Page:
Jessie Raymond: A truly rare experience at a movie

Last weekend, I went to the movies.
This may not sound like a big deal, but I haven’t seen a movie in a theater since summer 2011, when I watched “Harry Potter and the Deathly Hallows Part 2” in 3-D.
I had to Google the release date, but I’ll never forget the movie because it’s when I discovered that 3-D glasses give me the feeling that someone is driving a 16-penny spike into my forehead, and because, not being a huge Harry Potter aficionado, I didn’t figure out what a “horcrux” was until the climax of the movie. (In retrospect, it all would have made more sense if I’d known earlier.)
So what, you might ask, would get me to a theater for the first time in six years? It would have to be something truly compelling to make me leave home; farmers pull calves with less effort than it takes my husband to get me out of the house, even after roping my legs and dragging me with a winch. What movie could possibly do the trick?
It was “Beauty and the Beast.”
Why not? I loved the animated version that was around when the kids were little. I like musicals. I like comedy. I like romance. I like happy endings. I like talking furniture. And I especially like escapism.
Go on and rave about how wonderful “12 Years a Slave” was, but I ask you: Were there any Busby Berkeley-style dance numbers in it? I’m guessing not, but then I didn’t see it; I took a pass after reading a review that praised it for being “unflinchingly brutal.” Call me a sissy, but I don’t consider that a selling point.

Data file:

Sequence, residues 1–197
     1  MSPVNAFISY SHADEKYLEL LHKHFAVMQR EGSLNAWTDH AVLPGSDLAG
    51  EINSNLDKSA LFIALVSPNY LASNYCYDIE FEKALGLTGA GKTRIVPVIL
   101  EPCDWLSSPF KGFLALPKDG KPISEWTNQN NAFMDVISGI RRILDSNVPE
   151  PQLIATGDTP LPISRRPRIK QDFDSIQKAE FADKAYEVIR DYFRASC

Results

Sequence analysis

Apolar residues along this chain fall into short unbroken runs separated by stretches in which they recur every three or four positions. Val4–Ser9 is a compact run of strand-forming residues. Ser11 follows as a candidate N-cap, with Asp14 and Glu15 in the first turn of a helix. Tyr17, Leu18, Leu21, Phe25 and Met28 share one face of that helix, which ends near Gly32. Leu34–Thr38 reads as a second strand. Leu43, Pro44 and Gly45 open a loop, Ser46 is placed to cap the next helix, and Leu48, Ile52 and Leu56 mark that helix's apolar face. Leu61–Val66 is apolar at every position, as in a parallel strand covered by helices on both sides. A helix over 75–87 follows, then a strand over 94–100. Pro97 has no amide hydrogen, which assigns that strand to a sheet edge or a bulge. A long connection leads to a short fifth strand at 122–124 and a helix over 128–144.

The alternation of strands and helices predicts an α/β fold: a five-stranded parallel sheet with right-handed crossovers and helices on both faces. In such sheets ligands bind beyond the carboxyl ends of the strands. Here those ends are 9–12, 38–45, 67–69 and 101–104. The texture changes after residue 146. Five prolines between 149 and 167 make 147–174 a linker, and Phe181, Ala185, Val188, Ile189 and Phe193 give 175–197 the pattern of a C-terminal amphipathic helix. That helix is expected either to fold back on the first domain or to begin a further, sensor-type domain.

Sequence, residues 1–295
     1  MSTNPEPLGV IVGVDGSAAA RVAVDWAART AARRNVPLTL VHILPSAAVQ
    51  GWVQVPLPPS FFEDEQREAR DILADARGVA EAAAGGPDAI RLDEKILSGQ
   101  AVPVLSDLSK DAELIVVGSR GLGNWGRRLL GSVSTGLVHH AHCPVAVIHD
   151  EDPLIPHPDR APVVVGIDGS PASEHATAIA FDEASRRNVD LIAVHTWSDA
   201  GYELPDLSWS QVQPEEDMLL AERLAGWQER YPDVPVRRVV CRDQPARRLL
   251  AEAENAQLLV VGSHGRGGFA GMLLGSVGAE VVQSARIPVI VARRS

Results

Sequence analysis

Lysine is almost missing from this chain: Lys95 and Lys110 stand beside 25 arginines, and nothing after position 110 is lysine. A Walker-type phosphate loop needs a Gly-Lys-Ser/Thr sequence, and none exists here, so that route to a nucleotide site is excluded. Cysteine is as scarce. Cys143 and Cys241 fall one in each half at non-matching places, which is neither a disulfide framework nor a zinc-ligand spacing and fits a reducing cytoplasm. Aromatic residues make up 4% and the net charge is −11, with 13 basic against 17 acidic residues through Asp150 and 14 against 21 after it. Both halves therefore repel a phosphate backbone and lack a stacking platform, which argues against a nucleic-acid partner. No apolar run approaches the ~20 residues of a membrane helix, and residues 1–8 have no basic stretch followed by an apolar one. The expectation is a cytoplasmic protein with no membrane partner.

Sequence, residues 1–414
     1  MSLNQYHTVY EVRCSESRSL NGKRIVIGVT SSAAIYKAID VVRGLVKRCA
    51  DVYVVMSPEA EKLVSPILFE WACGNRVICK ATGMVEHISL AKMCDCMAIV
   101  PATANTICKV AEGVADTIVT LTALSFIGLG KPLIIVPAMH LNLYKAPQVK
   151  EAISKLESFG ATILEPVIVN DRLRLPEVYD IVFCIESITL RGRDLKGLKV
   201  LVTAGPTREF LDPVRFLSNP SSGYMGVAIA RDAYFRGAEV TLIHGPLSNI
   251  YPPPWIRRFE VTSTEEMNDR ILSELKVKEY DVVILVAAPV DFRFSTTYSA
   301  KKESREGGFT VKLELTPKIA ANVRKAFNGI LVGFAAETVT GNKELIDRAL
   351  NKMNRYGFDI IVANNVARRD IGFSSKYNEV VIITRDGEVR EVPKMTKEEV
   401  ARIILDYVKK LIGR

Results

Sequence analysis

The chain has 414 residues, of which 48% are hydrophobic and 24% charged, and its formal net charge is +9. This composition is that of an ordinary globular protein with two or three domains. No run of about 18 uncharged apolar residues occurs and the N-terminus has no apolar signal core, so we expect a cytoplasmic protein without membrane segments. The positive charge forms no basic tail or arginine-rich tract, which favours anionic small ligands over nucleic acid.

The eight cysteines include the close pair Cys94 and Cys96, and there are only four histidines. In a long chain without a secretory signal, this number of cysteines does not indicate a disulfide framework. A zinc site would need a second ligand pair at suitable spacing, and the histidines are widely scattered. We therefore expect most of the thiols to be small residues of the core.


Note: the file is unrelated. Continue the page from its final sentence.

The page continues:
Still, “Beauty and the Beast” touched me deeply. Love between father and daughter, loss of a loved one, unrequited love, raw vulnerability, the special love between a candelabrum and a feather duster — who among us can’t empathize? I mean, no, the movie wasn’t unflinchingly brutal, in the sense that no one got flogged half to death, but the knick-knacks did face some dicey moments when the castle got stormed.
The poignancy of the plot, interspersed with dazzling musical numbers, comic moments and action scenes, had me alternating between crying and laughing so often that tears streamed down my face for most of the movie. If you were in the theater for the Sunday matinee, you might have heard me, about halfway back on the left side, sniffling and wailing softly while dabbing at my cheeks with a piece of popcorn.
By the climax of the movie, my emotions got the best of me. At the critical do-or-die moment, I found myself gnawing on my seat upholstery to avoid bursting out in sobs. I don’t know if it was the surround sound, the large screen, the swirl of emotions, or the brilliant, dynamic, choreographed action of the movie itself, but I haven’t been moved like that since — well, probably since Harry Potter came back to life and I suddenly understood what a horcrux was (if you look closely, you can still see my six-year-old teeth marks on the armrest at the end of the fourth row).
I’m no movie critic, so if you’re hoping for an analysis of “Beauty and the Beast” — the music, the CGI, how it compares to the 1991 version, whether the wardrobe was overacting — you won’t find it from me. I was too drawn in by the exquisite scenery, the pace and the classic “beast meets girl, beast loses girl,” etc., story line to give it a critical eye.
In fact, I have only one complaint: I liked the beast better than the prince. Sure, he was a little rough around the edges, what with the fur and horns and bad table manners and all, but I still found him more mysterious and attractive than the milquetoast tween heartthrob he eventually — spoiler alert — turned into. That probably says more about my taste in men than about the movie itself, but if you’ve met my husband, it shouldn’t come as a surprise.
A week later, I’m still feeling exhilarated by “Beauty and the Beast,” but I’m in no rush to go to the movies again. It might be another six years or so before a film grabs my attention like this one.
That’s a good thing. I’m going to need that much time to emotionally prepare for the experience.

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